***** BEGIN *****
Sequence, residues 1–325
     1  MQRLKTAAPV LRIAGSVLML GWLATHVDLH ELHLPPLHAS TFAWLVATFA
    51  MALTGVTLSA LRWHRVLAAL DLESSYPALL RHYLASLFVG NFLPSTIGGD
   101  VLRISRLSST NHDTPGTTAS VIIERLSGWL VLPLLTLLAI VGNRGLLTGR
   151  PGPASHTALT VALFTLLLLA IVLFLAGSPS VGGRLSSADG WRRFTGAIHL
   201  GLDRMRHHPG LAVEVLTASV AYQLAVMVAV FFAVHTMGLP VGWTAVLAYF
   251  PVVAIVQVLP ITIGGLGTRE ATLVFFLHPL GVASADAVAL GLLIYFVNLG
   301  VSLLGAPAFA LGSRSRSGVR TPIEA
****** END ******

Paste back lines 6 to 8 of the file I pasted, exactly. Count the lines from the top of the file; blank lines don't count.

   201  GLDRMRHHPG LAVEVLTASV AYQLAVMVAV FFAVHTMGLP VGWTAVLAYF
   251  PVVAIVQVLP ITIGGLGTRE ATLVFFLHPL GVASADAVAL GLLIYFVNLG
   301  VSLLGAPAFA LGSRSRSGVR TPIEA